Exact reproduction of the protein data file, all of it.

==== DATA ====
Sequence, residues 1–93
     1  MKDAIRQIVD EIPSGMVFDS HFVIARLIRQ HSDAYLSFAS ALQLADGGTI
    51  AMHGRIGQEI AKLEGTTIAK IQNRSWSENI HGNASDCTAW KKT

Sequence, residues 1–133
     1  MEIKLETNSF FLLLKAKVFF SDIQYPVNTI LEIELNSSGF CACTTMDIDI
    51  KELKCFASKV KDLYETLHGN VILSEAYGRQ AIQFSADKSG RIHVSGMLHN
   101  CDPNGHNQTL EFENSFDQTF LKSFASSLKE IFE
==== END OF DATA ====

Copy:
Sequence, residues 1–93
     1  MKDAIRQIVD EIPSGMVFDS HFVIARLIRQ HSDAYLSFAS ALQLADGGTI
    51  AMHGRIGQEI AKLEGTTIAK IQNRSWSENI HGNASDCTAW KKT

Sequence, residues 1–133
     1  MEIKLETNSF FLLLKAKVFF SDIQYPVNTI LEIELNSSGF CACTTMDIDI
    51  KELKCFASKV KDLYETLHGN VILSEAYGRQ AIQFSADKSG RIHVSGMLHN
   101  CDPNGHNQTL EFENSFDQTF LKSFASSLKE IFE